The Musical Theatre Guild pulled a proverbial rabbit out of its hat with a one-night-only revival of Stephen Sondheim’s Follies at the Eli and Edythe Broad Stage in Santa Monica. Under the direction of Jason Graae, this gifted company of performers accomplished this feat with a scant 25 hours of rehearsal time over a matter of mere days.
As stated in the program, “the Musical Theatre Guild was founded twenty-seven years ago to explore and preserve works from the musical theatre repertoire that were either forgotten, neglected or unfairly dismissed.” In the spirit of those classic Mickey Rooney/Judy Garland musicals, these dedicated professionals come together to “put on a show” lickety split, with sheer talent, pluck and determination, breathing new life into rarely produced gems like Follies.
Technically, it was a staged reading, but with costumes, choreography and a four-piece concert band, this impeccably cast and executed performance was the next best thing to a fully realized production. The condensed rehearsal period has prompted comparisons among MTG members to “being shot out of a cannon.” I try to avoid superlatives when possible, but when you see the complexity and depth that unfold on stage, it is a high-wire act of impressive proportions. This, mind you, was accomplished in the midst of the SAG/AFTRA strike.
For Sondheim aficionados, Follies occupies a special (some might say sacred) place in the Sondheim canon. Elaine Stritch’s performance of “Broadway Baby” is the stuff of legend. There are other gems like “I’m Still Here,” “Could I Leave You” and “Losing My Mind” which surface during Sondheim galas and tributes, but it’s a rare treat to see Follies in its entirety from start to finish with all the theatrical complexity and connective tissue performed by an accomplished ensemble of performers.
Predating many of Sondheim’s more well-known later works, one can hear many of the hallmarks, both musical and thematic, that would be revisited and refined over the course of his prolific and distinguished career. The story itself is relatively simple, focusing on the 30-year reunion of a troupe of showgirls upon news that the site of their once illustrious theatre being demolished to make way for a parking lot. The rather straightforward template allows the focus to be on the interrelationships among the characters and serve as a showcase for a dynamic variety of musical numbers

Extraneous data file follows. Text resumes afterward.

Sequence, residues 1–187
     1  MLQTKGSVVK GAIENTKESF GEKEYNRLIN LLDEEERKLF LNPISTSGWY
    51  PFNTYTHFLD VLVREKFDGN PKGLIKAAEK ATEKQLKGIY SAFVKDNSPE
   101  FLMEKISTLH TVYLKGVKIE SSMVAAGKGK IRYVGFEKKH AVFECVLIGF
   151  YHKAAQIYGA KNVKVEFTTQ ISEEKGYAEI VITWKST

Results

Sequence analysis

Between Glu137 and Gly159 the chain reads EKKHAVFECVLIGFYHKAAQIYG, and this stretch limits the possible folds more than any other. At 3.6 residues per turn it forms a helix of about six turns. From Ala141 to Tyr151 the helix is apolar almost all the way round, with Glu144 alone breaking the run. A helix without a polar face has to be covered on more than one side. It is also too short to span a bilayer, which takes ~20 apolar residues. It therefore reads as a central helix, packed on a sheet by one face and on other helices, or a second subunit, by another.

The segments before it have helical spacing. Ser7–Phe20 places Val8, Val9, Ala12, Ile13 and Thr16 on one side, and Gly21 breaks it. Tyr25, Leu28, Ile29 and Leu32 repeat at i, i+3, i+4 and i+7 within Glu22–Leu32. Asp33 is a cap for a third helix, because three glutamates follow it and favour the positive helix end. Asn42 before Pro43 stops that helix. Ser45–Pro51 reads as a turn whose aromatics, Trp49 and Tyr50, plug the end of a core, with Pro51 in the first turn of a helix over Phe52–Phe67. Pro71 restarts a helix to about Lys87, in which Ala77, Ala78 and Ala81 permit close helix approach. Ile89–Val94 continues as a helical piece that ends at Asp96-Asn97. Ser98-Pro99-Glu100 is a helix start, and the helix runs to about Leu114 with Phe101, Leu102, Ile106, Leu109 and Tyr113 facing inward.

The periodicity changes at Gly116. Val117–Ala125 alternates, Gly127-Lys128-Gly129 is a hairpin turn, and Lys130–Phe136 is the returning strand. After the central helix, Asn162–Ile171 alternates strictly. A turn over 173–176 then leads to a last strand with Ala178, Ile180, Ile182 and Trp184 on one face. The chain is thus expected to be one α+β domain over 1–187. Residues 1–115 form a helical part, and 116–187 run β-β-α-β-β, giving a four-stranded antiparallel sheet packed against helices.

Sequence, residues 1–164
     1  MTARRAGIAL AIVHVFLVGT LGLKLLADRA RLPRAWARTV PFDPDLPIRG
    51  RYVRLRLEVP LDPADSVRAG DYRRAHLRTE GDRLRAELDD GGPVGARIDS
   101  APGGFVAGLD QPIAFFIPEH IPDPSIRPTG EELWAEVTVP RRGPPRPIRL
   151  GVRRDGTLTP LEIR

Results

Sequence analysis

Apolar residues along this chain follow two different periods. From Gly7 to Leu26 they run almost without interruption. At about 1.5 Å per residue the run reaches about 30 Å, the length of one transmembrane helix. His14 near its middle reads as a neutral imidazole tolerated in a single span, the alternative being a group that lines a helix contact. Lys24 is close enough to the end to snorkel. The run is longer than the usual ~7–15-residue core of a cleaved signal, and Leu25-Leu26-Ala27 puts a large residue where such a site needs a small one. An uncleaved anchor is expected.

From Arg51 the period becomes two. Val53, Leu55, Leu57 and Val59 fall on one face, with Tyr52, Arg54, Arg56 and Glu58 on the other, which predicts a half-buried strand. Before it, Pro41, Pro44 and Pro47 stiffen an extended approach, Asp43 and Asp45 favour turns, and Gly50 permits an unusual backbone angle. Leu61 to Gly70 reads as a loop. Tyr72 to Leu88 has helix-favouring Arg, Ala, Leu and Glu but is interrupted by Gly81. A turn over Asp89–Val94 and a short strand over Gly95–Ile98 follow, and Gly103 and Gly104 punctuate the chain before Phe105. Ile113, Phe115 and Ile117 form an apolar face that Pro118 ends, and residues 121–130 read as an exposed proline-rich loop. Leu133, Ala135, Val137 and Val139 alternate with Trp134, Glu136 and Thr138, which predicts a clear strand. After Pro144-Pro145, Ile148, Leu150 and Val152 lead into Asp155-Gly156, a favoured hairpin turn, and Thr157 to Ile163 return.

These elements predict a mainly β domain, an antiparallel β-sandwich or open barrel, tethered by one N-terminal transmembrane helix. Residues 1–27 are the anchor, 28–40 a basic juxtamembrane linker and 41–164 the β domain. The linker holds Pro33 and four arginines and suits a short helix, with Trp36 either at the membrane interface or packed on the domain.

So without further ado, let’s get to the highlights, of which there were many.
Top honors go to the four leads who comprised the two couples at the heart of this parable on life, love and regret. Teri Bibb gives a pitch-perfect performance as Phyllis whose marriage to Ben has been marred by infidelity on both sides. Blessed with an exacting comic timing, Bibb turned out a tour de force performance of “Could I Leave You” which pierced the stagnant decay of their marriage with unfettered zeal. Brent Schindele turns in a compelling and nuanced portrayal of Phyllis’ straying husband Benjamin Stone. Besides delivering top-notch vocals, Schindele embodies the conflicted emotional world of a man whose infidelity is rooted in his own ambivalence about what he wants out of life and what he’s got. The other couple is played winningly by Anastasia Barzee as Sally and Roger Befeler as her husband Buddy. Barzee strikes just the right tone as Sally of a woman who is trapped in the past, forever pining for a love (with Ben) she can never revive. Roger Befeler’s Buddy provides a grounded counterpoint, aware of his wife’s longings while drawn to his own extramarital dalliance with a much younger, more vacuous woman who replenishes his ego.
The entire ensemble really delivered for this one-night-only performance. Helen Geller brought the house down with a rousing performance of “Broadway Baby.” She made her way across the stage using a walker for support as she delivered zingers with a deadpan panache. Other standout performances included Jennifer Leigh Warren as Carlotta Campion and the stirring duet “One More Kiss” featuring Mary VanArsdel and Bryce Charles. While many of us are still mourning the passing of Stephen Sondheim in 2021 at the age of 91, it’s productions like this which remind us all of his brilliant legacy and whet our appetite for more revivals to come.